Saturday, 6 October 2018

When Legends Die in visual narratives of Nigerian-American Odutola


Toyin Ojih Odutola’s drawing 'What Her Daughter Sees' (2018), from her exhibition When Legends Die.

 By Chinyere Elizabeth Okoroafor
At Jack Shainman Gallery, Manhattan, U.S, Nigerian-born American artist Toyin Ojih Odutola’s painting 'What Her Daughter Sees' (2018), under the exhibition titled When Legends Die, is one of the most eye-catching of her works, according to New York Times.

  The exhibition is the final installment of a project she began in 2016 that imagines two aristocratic Nigerian families joined by marriage. The paintings — in this case, combinations of pastel, charcoal and pencil on paper — are predominantly portraits of ruminating characters in domestic spaces. In a previous showing at the Whitney Museum, those spaces were often drawn with intriguingly skewed perspectives. But at Jack Shainman Gallery, they notably feature more portraits, including a 2016 drawing of the married couple.

The painting 'What Her Daughter Sees' captures a casually elegant young woman who sits, facing the viewer, in a plush dining room. She grips a teapot and looks into the distance with a tense expression. On the viewer’s side of the table are a cup and saucer, cut off by the drawing’s bottom edge. The painting, which is beautifully executed leads your eyes around, the figures are vivid and the colours are rich and textured, especially the brown of the woman’s skin, which has lighter passages that suggest the glitter of the sun on the sea. Odutola  puts the audience in the mother’s place to witness a private exchange. Another of her work, 'Objection to Bedtime' (2018), is a close-cropped portrait of a figure who seems suspended between boyhood and young adulthood, he lies down but expresses his displeasure with his eyes.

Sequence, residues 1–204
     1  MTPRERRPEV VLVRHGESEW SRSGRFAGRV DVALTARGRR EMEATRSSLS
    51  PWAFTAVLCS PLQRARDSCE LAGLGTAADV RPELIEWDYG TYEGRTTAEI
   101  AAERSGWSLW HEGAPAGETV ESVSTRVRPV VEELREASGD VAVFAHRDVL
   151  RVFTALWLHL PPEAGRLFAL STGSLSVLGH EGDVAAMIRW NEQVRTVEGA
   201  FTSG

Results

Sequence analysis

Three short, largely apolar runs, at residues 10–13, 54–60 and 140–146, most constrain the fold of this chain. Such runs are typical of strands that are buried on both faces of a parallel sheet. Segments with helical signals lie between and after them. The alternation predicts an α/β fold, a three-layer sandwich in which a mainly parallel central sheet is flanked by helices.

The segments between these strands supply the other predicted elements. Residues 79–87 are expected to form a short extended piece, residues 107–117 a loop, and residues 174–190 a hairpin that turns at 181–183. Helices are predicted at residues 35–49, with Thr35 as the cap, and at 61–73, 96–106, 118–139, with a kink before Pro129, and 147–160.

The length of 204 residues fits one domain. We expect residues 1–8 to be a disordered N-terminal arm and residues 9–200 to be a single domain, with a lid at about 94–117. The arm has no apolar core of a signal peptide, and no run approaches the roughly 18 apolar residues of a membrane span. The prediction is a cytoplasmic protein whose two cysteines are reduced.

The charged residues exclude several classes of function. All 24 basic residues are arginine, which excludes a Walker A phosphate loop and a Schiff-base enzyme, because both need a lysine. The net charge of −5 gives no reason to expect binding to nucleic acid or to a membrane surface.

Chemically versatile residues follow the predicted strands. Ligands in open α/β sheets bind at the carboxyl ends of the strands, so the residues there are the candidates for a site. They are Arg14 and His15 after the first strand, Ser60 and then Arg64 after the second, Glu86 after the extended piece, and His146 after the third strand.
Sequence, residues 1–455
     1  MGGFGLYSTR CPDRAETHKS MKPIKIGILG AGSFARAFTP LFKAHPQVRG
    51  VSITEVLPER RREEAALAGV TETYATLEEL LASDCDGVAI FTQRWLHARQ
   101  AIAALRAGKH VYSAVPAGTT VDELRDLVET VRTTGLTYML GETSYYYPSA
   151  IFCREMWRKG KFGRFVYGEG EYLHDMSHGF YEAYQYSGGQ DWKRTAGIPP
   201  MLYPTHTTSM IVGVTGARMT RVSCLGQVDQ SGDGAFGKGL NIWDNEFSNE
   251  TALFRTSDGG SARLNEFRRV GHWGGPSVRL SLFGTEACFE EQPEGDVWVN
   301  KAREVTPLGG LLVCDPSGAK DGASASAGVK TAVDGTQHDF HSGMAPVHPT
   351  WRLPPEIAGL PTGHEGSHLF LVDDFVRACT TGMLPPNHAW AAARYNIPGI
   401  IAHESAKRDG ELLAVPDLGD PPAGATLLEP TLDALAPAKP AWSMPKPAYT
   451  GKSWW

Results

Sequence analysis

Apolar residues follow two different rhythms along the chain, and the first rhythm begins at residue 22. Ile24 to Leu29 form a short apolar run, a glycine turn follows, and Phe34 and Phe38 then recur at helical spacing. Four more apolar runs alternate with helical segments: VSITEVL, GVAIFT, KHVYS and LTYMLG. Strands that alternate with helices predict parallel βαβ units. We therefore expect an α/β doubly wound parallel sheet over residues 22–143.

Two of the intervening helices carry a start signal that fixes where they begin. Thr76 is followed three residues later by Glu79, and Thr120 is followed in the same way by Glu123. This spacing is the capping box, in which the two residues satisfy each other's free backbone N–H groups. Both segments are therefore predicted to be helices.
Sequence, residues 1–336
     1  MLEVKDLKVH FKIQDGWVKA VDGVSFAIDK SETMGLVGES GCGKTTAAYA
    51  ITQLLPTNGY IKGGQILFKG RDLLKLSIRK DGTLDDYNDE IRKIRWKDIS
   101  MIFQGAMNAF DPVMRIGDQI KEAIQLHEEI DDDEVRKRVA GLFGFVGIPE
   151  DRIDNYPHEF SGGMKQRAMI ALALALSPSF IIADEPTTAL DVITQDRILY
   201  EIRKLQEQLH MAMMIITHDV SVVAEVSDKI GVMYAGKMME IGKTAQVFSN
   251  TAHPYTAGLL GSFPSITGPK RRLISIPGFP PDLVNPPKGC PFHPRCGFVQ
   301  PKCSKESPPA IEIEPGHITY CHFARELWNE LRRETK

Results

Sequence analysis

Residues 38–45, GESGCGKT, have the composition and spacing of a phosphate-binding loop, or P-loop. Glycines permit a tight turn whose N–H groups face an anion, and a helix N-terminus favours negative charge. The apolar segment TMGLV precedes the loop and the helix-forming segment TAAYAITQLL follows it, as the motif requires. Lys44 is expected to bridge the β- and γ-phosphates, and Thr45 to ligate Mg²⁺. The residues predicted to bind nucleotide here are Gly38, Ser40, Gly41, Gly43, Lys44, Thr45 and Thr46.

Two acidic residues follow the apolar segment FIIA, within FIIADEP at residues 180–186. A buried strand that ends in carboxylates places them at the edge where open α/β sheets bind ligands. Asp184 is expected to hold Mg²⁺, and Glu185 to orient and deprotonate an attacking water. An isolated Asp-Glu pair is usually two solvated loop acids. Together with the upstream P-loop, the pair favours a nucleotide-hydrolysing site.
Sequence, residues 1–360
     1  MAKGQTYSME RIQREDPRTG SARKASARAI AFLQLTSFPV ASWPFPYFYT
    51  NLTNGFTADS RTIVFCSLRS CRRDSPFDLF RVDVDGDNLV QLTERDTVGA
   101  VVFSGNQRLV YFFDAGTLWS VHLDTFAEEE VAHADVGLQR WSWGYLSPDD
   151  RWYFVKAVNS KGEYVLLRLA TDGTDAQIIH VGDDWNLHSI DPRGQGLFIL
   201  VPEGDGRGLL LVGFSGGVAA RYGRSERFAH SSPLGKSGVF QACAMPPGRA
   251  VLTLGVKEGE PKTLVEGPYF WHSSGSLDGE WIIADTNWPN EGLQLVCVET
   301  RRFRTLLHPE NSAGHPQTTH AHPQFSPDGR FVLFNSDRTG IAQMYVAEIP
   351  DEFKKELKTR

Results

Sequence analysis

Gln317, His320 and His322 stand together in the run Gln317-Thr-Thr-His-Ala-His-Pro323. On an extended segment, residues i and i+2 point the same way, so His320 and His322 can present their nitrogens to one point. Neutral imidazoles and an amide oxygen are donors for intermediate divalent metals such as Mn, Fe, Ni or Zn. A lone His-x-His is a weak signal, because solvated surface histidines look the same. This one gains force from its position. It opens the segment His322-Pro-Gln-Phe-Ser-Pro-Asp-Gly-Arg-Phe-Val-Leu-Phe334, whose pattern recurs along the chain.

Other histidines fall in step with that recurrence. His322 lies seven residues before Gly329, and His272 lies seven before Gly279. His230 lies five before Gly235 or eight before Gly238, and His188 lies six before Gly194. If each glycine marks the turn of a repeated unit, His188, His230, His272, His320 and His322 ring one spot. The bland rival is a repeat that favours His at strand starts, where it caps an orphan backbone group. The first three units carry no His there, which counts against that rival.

Odutola’s show closes the loop on the project and affirms one of its apparent tenets- the potency of self-representation.
Odutola is a contemporary artist who focuses on the socio-political construct of skin colour through her multimedia drawings. Her work explores personal journey of having been born in Nigeria then moving and assimilating into American culture in conservative Alabama.

Another Nigerian in America whose works explores colour both in the figurative historical context and in the socio-political sense is Odili Donald Odita, an abstract painter. According to Odita, “Colour in itself has the possibility of mirroring the complexity of the world as much as it has the potential for being distinct. The organization and patterning in the paintings are of my own design. I continue to explore in the paintings a metaphoric ability to address the human condition through pattern, structure and design, as well as for its possibility to trigger memory. The colours I use are personal, they reflect the collection of visions from my travels locally and globally. This is also one of the hardest aspects of my work as I try to derive the colours intuitively, hand-mixing and coordinating them along the way. In my process, I cannot make a colour twice – it can only appear to be the same. This aspect is important to me as it highlights the specificity of differences that exist in the world of people and things.” Odita goes on to express his desire to speak positively about Africa and its rich culture through his work.

In recent years, Odita who was born in Enugu, Nigeria and lives and works in Philadelphia has been commissioned to paint several large-scale wall installations including The United States Mission to the United Nations in New York (2011), the Savannah College of Art and Design (2012), New York Presbyterian Hospital (2012), New Orleans Museum of Art (2011), Kiasma, Helsinki (2011) and the George C. Young Federal Building and Courthouse in Orlando, Florida (2013). He has been the recipient of a Penny McCall Foundation Grant in 1994, a Joan Mitchell Foundation grant in 2001, and a Louis Comfort Tiffany Grant in 2007. Also in 2007, his large installation Give Me Shelter was featured prominently in the 52nd Venice Biennale exhibition Think With The Senses, Feel With the Mind, curated by Robert Storr.


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